NGO partners SUBEB To Train pupils on Comprehension Skills, Others

Folalumi Alaran

The Oyo State Universal Basic Education Board (SUBEB) and a non-governmental organization called Universal Learning Solution (ULS) have teamed together to use the Jolly Player to help schoolchildren’s literacy skills.

The project aims to make sure that schoolchildren have a strong English vocabulary, speak English more fluently, and have better understanding and listening skills.

The country Director of Universal Learning Solution, Mr. Patrick Uzu, stated in a statement that the findings of the pilot study from three Nigerian states show considerable improvements in these English skills, therefore Oyo State is projected to be particularly affected.

In accordance with the Better Education Service Delivery For All (BESDA) strategy, Jolly Player is the first media player that is intended to make a significant contribution to the overall literacy development of schoolchildren.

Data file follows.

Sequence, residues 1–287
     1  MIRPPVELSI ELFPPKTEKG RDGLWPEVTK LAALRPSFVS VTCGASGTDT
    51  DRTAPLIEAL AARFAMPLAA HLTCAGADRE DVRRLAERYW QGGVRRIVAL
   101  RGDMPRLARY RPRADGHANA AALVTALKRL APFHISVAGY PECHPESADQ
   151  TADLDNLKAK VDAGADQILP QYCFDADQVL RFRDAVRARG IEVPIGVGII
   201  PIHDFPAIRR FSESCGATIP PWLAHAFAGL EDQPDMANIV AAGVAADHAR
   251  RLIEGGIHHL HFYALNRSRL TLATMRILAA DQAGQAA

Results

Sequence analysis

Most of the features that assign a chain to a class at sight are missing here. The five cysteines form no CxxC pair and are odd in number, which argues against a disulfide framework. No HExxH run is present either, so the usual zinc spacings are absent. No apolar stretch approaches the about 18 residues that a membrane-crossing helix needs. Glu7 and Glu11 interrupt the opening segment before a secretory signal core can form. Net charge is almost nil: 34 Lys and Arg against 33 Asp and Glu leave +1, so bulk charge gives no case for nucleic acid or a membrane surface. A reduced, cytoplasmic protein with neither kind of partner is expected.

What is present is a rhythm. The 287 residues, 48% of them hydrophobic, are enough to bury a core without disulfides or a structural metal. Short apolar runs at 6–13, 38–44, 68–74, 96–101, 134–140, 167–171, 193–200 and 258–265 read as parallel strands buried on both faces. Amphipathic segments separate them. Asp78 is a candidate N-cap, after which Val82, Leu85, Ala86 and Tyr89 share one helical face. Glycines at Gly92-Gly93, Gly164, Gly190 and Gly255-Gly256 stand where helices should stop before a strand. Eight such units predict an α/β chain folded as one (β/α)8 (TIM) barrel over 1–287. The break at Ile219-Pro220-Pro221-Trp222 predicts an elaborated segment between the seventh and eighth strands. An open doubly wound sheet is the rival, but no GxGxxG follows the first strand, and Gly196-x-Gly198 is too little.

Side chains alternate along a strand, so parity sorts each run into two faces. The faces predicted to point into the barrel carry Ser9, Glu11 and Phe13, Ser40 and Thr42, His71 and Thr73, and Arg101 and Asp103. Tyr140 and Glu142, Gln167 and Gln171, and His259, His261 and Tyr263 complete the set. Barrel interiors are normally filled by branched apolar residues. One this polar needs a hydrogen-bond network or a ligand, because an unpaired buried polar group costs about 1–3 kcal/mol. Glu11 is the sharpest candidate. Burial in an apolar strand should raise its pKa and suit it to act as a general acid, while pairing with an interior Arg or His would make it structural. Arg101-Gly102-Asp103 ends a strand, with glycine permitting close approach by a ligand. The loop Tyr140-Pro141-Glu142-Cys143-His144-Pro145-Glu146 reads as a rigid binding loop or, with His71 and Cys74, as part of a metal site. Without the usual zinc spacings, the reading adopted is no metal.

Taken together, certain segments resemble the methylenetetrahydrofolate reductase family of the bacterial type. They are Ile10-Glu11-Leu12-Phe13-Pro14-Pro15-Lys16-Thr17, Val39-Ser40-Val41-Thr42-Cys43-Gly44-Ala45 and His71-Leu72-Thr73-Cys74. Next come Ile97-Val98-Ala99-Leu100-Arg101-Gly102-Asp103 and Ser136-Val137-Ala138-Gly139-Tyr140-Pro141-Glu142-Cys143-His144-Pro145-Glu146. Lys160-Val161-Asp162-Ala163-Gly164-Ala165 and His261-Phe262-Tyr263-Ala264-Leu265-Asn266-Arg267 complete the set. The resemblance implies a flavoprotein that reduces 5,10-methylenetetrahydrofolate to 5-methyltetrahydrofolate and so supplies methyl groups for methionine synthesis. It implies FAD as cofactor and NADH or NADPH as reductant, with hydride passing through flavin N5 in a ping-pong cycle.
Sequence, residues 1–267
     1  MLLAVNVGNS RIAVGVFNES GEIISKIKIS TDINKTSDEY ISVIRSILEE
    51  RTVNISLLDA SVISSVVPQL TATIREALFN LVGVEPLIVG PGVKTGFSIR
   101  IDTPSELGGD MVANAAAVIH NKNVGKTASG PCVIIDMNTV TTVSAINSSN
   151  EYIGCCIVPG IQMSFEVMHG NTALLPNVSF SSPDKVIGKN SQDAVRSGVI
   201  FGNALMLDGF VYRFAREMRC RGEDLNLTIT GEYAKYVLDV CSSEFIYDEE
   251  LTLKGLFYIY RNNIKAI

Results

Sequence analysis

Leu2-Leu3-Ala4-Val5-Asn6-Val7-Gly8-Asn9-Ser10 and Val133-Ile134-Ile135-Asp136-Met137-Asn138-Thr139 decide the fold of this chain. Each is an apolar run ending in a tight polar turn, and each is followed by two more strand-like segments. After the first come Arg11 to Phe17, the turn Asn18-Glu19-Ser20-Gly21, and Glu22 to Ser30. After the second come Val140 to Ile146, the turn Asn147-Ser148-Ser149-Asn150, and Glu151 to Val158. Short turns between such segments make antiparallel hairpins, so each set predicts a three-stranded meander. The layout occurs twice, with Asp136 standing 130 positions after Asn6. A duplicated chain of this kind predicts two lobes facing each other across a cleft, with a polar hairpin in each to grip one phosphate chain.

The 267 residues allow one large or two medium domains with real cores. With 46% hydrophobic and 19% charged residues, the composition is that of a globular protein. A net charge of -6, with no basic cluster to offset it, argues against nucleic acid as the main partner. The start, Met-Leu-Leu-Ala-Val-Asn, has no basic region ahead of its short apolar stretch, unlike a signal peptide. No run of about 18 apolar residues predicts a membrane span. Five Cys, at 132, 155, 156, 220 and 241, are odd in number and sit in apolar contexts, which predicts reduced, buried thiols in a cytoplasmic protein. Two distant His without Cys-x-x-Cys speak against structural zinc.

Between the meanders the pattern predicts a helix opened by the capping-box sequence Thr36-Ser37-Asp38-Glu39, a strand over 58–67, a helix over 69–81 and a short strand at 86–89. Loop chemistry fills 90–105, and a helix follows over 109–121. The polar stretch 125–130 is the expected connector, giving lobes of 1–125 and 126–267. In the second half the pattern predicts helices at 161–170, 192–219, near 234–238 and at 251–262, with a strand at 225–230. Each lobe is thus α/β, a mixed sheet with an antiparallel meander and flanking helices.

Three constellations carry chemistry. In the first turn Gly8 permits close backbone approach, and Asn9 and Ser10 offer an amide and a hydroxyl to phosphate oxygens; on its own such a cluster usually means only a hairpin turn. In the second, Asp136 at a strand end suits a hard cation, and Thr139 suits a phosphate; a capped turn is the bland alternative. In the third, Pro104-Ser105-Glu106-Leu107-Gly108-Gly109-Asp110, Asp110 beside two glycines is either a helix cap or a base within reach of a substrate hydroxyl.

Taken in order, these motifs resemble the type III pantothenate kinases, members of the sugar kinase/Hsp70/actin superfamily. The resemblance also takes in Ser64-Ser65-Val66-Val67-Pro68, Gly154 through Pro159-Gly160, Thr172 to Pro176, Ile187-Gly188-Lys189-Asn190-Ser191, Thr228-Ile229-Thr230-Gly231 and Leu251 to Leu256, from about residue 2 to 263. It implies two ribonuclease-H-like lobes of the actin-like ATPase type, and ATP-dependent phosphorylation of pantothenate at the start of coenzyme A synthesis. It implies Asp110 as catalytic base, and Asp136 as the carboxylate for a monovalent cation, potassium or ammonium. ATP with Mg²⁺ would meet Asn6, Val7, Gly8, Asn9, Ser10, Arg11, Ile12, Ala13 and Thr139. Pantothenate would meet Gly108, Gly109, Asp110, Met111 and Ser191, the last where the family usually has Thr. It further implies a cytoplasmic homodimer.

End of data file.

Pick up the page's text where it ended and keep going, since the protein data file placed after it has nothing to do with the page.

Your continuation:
Mr. Uzu explained that the Jolly player is the first media player, multi-band radio, and recorder designed and engineered for the humanitarian sector.

“This innovative tool combines these technologies in ways never before possible to deliver on-demand content anytime, anywhere.”

On her part, ULS Executive Director Mrs. Naomi Foxcroft said: “The Oyo State Jolly Player project is a fantastic opportunity for all children in Oyo State to benefit from the opportunity to develop their comprehension, vocabulary, and fluency skills to complement the already established ability to read and write.

According to Mrs. Foxcroft, the project will therefore help increase equity and equal opportunities for all children in Oyo State.

She added that in addition to incorporating Jolly Phonics content, the Jolly Players also contain a range of story recordings taken from different sources, and recordings of local English Textbooks and relevant comprehension passages.

“Jolly Phonics is now being taught in all 36 states and FCT. This is truly amazing and will help to improve the reading and writing abilities of millions of children in the years ahead, she said.

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